Signs of Spring … Gold

April 8th, 2014  |  By  |  Published in Botany, Flowers

One of the most beautiful early blooming spring flowers on the east coast of Vancouver Island is gold star or common spring-gold (Crocidium multicaule). In the Comox Valley the best show is along the narrow stretch of sandy “dunes” between the road and beach at Point Holmes. Kin Beach and the dunes at Goose Spit […]

Ecosystems In Peril: The Coastal Douglas-fir forests of British Columbia

September 27th, 2013  |  By  |  Published in Botany, Environmental Issues, Flowers, Natural History

Guest post by Vijay Somalinga Forests in British Columbia appear to stretch forever. To someone who is seeing these forests for the first time, it seems like they have remained untouched since the beginning of time. But, even the remotest stands of pristine old growth forests have been logged, and only  scattered patches of protected old-growth forests […]

Coast Boykinia on the the Rainforest Trail in Pacific Rim National Park

July 18th, 2013  |  By  |  Published in Botany, Flowers, Forests, Landscapes

While walking the Rainforest Trail in Pacific Rim National Park Reserve the tendency is to look upward—the trees are so large and dramatic and that is what immediately captures one’s attention. However, it’s also a good idea to look down once and a while and see what’s blooming. The understory is amazing in the temperate […]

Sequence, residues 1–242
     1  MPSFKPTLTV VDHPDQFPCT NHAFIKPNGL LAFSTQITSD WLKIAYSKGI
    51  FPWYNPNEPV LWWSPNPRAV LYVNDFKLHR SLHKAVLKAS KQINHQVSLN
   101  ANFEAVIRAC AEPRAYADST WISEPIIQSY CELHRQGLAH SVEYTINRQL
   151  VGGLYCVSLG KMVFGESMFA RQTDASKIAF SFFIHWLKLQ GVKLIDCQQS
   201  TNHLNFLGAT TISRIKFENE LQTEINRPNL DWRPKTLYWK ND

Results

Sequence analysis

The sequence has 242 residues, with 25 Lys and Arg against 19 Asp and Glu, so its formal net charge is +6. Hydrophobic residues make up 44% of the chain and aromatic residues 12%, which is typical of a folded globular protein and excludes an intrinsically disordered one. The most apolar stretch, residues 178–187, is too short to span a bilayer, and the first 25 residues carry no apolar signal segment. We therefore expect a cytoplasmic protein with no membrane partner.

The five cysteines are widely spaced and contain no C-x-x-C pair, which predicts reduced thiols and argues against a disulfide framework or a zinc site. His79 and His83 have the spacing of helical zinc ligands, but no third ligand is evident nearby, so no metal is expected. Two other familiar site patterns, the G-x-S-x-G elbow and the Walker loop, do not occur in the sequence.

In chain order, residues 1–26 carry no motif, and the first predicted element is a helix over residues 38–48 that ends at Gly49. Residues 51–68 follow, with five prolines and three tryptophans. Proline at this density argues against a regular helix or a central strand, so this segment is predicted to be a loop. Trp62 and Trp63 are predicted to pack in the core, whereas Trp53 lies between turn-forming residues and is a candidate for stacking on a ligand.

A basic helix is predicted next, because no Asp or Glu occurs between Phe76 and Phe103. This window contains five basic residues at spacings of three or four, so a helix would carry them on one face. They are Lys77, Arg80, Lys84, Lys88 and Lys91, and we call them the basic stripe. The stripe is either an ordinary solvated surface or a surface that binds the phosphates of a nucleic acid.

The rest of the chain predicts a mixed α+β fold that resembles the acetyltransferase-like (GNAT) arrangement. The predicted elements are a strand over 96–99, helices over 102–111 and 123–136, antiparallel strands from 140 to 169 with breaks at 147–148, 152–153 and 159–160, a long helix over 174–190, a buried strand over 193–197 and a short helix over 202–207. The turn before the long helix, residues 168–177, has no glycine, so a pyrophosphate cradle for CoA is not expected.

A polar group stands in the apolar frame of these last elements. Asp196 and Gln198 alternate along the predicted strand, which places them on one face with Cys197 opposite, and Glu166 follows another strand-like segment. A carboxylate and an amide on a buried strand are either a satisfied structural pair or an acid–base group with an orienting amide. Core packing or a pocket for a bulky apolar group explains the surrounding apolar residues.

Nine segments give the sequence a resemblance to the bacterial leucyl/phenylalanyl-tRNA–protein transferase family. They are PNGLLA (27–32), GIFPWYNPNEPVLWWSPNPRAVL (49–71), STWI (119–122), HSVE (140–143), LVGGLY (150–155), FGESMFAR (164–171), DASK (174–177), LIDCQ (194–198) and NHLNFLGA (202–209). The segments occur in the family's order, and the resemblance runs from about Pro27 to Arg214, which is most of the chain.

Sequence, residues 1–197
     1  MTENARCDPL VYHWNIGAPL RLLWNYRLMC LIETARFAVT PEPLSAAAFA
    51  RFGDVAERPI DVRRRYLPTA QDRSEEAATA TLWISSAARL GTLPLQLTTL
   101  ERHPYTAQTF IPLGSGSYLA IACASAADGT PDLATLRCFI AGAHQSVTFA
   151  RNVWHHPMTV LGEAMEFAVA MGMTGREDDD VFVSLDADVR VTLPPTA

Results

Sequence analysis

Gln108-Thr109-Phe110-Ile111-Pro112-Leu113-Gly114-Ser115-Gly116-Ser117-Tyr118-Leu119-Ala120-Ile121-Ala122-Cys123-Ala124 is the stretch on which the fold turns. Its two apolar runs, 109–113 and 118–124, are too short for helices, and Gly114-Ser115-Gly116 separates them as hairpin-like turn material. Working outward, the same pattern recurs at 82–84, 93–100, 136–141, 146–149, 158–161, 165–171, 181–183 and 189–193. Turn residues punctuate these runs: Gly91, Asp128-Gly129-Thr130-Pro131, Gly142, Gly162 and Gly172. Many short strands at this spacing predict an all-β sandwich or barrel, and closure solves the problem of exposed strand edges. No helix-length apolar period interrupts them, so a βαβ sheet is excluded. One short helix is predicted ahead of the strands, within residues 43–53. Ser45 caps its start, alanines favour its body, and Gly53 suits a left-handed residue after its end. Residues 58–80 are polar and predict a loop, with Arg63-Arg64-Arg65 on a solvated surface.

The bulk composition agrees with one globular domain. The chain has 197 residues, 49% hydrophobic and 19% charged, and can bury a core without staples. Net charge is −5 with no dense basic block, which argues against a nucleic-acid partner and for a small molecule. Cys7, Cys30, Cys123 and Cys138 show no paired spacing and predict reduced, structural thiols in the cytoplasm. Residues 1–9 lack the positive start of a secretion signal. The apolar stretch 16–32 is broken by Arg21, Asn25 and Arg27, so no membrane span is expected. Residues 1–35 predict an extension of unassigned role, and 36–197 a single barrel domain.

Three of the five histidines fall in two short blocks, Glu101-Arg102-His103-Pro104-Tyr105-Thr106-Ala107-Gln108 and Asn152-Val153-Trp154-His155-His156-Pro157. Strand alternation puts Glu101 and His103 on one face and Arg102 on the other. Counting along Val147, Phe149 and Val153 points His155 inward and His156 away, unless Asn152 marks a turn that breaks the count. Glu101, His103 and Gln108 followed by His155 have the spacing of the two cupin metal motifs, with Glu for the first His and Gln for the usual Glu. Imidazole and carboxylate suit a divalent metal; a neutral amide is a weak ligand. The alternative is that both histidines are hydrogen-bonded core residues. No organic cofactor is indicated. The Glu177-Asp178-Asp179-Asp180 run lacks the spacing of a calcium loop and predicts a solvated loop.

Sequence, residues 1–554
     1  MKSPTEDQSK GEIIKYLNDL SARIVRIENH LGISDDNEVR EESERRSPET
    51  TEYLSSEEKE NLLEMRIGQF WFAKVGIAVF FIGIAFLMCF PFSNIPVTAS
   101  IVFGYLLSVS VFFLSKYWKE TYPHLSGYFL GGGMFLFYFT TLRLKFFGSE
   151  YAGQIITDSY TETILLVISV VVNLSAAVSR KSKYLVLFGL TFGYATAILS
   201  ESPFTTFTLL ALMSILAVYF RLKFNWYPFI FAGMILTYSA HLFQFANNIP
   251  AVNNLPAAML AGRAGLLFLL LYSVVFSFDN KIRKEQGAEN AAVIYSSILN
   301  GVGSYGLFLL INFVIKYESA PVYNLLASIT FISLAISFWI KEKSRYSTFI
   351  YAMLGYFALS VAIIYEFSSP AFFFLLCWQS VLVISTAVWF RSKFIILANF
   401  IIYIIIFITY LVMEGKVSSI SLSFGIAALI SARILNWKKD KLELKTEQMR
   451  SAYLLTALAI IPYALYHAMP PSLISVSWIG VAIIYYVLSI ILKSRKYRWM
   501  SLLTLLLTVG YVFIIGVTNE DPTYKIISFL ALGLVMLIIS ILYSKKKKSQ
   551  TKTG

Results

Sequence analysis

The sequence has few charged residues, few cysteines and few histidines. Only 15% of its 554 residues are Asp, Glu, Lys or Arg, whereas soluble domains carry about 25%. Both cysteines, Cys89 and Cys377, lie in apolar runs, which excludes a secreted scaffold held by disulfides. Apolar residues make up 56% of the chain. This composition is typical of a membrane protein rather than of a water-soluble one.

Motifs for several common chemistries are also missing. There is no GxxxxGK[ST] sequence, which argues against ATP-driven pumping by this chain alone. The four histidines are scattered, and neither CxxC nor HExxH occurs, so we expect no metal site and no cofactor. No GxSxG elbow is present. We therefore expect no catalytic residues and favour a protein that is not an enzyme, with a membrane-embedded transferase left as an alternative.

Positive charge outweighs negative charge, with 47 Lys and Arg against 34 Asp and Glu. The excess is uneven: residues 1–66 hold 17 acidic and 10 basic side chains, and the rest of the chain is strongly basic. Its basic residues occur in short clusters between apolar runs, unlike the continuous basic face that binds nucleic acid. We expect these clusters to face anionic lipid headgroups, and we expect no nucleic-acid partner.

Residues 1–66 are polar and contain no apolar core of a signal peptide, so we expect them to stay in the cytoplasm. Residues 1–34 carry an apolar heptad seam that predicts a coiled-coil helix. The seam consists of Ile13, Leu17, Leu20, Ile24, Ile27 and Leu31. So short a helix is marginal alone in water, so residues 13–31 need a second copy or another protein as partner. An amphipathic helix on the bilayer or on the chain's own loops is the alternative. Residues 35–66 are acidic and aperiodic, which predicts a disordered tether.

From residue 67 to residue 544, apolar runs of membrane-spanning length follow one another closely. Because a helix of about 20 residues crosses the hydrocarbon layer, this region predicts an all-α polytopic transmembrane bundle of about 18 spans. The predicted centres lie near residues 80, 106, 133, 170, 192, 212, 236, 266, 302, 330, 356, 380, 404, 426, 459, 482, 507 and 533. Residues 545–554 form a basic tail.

Valley of the Devil’s Club

July 1st, 2013  |  By  |  Published in Botany, Shrubs

Maple-like leaves the size of a giant’s plate, clusters of bright red berries, thick twisted spine covered stems. Stumbling through a patch of Devil’s club (Oplopanax horridus) can be a memorable experience. While the common name gives some indication of the nature of the plant, the scientific name is also very appropriate. Oplo refers to the […]

Spring Hiking Conditions at Paradise Meadows

June 4th, 2013  |  By  |  Published in BC Parks, Botany, Destinations, North Vancouver Island, Sub-Alpine Flowers, Subalpine Wetlands

This weekend Jocie and I decided to venture into the snow and look for early blooming plants at Paradise Meadows in Strathcona Provincial Park. This section of the park is easily accessible once the snow pack melts and the boardwalk and trail is clear—it’s a great place to see some of the beautiful flowers that […]

Cloudberry Bog Surprise

June 2nd, 2013  |  By  |  Published in Botany, Flowers, Wetlands

My father and my uncle always talked about the “bakeapples” they used to pick in Newfoundland. Bakeapples, or cloudberry (Rubus chamaemorus) also grow on the west coast of British Columbia, but they’re a little hard to come by and we’ve never found them in very large numbers. This morning Jocie and I visited a bog […]

Wildflowers at Comox Lake Bluffs Ecological Reserve

May 9th, 2013  |  By  |  Published in Botany, Ecoreserve, Flowers, Landscapes